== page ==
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I was wondering what is the minimum amount of equipment I will need to start reloading? I am thinking that I would be apt for it as I hear it is tedious and has repetitive motion. I have always found some sort of zen in things like that. I am not particularly concerned with saving money right away. If I come out ahead eventually, that is great. I am just new to this concept and I want to make sure that I can produce quality ammo for myself without any kind of catastrophic failure. I like my fingers too much for that.
 

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Haha, wow. Ok, so getting a little more elaborate, what do I need?
 

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Old School.
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Frist get a manual or two. Lyman,Speers, or Modern Reloading by Richard Lee. They are a few of the ones out there, and the front part of the books have a lot of good info on getting started. Get back with us on about how much you want to spend to get up and going. Figure about $100 for your primers,powder, and bullets the frist time around. We will be standing by. Good luck.:thumbsup:
 

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Dong Tam, RSVN '69/'70
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If you order Modern Reloading by Richard Lee from the Lee website they will send you a single stage press for free.

After my last order from Lee I got a letter telling me they had some factory second stuff available. All the stuff was mechanically perfect and guaranteed but there were cosmetic mistakes (scratches, bare spots, and runs in the paint). Long story short, I got a 4 position turret press (with one turret and both primer sets) for $68 and I bought 4 extra turrets for $7 each.

Don
 
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first determine your needs.....2-500 rds @ scession or 1-2k.

then look at your wallet.

compromise:)

i started reloading earlier this year and after crunching the numbers bought a lee classic turret press, dies for the calibers i shoot, extra turrets, scale, lee pro powder measure kit,
calipers, case gages and trimmers that i needed for the calibers i'll reload.
the micro charge bar complements the measure kit and you can purchase the hopper lifts directly from lee precision for $4.00 in case you want to reload rifle cases or spend twelve more dollars and purchase the double stack kit which will also give you four more chargeing dsics. you'll need the extender lift tube for the powder measure and the large and small primer kit is worth the extra. oh! you'll need a reloaders manual. 2nd edtion lee sells for $13+ good book for the beginner.

check out the videos on the lee precision web page to get an idea of what you need and how the equipment works.

clean and oil the press when you get it. i use synthetic auto oil 10w30.
take your time with the set up and you'll enjoy your equipment and the money saved can go for bullets,powder,primers,cases, .....and beer:)

sewerman
 

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The picture above is good for reloading a single caliber. I have always used a RCBS single stage press. Im working on helping a friend get set up to reload. I have given him a press (est. $120) a scale, lube pad, and lube. All he needs to buy is the dies, and powder dispenser. He knows he can use my books and anything else he might need.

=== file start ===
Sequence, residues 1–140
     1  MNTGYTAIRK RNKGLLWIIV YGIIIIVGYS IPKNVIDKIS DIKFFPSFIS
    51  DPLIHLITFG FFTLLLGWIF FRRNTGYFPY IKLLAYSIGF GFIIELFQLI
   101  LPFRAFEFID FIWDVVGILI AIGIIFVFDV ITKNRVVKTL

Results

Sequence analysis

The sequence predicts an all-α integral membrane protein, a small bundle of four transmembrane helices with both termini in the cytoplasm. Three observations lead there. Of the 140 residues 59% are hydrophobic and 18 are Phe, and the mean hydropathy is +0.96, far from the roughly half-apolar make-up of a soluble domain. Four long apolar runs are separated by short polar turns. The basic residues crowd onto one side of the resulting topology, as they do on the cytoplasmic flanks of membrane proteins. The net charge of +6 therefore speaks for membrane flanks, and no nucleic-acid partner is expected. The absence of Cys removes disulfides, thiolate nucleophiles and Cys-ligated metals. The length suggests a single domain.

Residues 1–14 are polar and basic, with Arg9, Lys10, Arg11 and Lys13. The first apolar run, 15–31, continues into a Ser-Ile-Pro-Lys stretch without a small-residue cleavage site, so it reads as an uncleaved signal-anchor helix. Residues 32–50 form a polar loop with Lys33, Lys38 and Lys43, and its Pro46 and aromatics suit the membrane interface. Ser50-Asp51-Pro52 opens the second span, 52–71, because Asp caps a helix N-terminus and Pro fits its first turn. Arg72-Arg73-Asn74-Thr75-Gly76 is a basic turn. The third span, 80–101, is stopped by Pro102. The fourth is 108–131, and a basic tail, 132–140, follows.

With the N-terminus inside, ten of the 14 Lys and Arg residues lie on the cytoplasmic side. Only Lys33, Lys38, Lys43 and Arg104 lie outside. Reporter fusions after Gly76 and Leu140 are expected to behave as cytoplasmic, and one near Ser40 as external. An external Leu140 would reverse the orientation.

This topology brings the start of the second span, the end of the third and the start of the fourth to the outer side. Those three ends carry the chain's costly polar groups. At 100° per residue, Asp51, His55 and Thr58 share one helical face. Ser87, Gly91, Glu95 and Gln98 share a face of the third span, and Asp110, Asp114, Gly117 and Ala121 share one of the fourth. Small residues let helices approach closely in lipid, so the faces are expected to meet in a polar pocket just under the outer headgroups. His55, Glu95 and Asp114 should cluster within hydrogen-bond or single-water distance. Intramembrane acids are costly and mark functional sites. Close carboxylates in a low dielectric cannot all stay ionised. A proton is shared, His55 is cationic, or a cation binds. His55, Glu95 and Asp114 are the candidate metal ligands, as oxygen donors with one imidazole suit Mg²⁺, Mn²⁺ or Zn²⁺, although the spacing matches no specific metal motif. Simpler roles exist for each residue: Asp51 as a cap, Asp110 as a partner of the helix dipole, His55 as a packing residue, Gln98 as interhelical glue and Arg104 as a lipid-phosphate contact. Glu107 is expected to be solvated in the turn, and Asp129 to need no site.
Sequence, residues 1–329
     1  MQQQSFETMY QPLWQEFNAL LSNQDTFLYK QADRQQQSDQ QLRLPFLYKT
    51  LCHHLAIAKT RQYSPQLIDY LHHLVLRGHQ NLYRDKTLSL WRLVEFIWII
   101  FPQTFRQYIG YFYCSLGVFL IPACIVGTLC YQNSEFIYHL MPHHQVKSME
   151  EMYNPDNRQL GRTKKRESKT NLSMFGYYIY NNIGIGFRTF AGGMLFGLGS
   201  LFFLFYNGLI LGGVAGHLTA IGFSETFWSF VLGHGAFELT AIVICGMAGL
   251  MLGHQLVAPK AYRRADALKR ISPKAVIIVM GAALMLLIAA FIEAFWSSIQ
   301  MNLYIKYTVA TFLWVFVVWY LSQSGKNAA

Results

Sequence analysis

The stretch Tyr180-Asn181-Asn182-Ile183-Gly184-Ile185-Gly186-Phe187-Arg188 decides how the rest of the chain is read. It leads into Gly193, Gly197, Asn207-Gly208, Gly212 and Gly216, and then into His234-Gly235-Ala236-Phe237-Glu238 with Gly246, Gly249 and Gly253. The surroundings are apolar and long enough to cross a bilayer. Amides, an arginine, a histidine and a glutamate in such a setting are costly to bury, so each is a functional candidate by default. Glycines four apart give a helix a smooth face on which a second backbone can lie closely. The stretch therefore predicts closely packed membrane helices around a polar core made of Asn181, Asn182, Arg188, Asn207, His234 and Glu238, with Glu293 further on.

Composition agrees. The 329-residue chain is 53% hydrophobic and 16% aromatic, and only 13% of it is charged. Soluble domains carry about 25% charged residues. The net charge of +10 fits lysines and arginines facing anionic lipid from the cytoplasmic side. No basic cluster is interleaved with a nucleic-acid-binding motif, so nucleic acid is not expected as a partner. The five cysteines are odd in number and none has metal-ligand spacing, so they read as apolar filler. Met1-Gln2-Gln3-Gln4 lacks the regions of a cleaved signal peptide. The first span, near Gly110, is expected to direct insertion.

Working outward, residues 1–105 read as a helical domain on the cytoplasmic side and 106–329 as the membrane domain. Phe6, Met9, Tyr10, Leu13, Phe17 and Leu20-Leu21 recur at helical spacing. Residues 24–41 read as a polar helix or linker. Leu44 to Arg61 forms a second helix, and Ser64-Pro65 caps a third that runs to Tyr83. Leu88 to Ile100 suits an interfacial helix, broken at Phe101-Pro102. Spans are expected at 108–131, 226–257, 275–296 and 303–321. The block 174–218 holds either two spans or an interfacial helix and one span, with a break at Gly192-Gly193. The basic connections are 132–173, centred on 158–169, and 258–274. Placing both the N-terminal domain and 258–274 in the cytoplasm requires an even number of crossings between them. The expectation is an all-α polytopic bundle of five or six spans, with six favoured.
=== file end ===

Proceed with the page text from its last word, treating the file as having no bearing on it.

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Ok now I am interested as well. How many rounds can you typically assemble in an hour with entry level equpiment or the equipment pictured above? I would only be reloading 40 for the most part and maybe 9mm.
 
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I purchased the Lee 50th anniversary kit for about $104 and a set of carbide dies for ~$37. Add bullets, powder and primers and you are ready to go for less than $200. O- I forgot, get a loading manual. That is all you will need.
 

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Will a cheap reloading kit ~ $200 still give good results out in the range? Will it at least be better than boxed stuff?
 

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Greetings...

Ok now I am interested as well. How many rounds can you typically assemble in an hour with entry level equpiment or the equipment pictured above? I would only be reloading 40 for the most part and maybe 9mm.

The better question is How many a DAY -

Reloading is a very time consuming activity. Unless you have access to a factory floor's worth of well trained and disciplined child labor.:aureola:

The real enemy to the reloader is Hurrying. Hurrying will get you injured, maimed or worse. The ONE thing that you must always keep in mind at every step is that you are privately manufacturing potential time bombs, and no one is looking over your shoulder...

To address the concerns of the OP:

Expense of Basic kit:

3 or 4 (more is better) reloading books which you MUST read and become familiar with. These books are NOT cheap, nor should they be. Costing on average $50 or more each. They are essential. So budget at least $150 just for books, and days to read them.

As for the actual hardware - remember the golden rule - you get what you pay for. Just like in auto mechanics - using cheap or defective tools can lead to your destruction.
I say this for your own safety - Sure, buying that yard sale RCBS or Lee single stage press, there may be NOTHING wrong with it - but since you are just starting out - You don't possess the experience to recognize the potential problems that you may encounter, so buy new simply for your own safety. Once you've made many thousands of roll-your-own rounds - THEN you can start safely collecting yard-sale bargains - remember - hurrying can get you killed...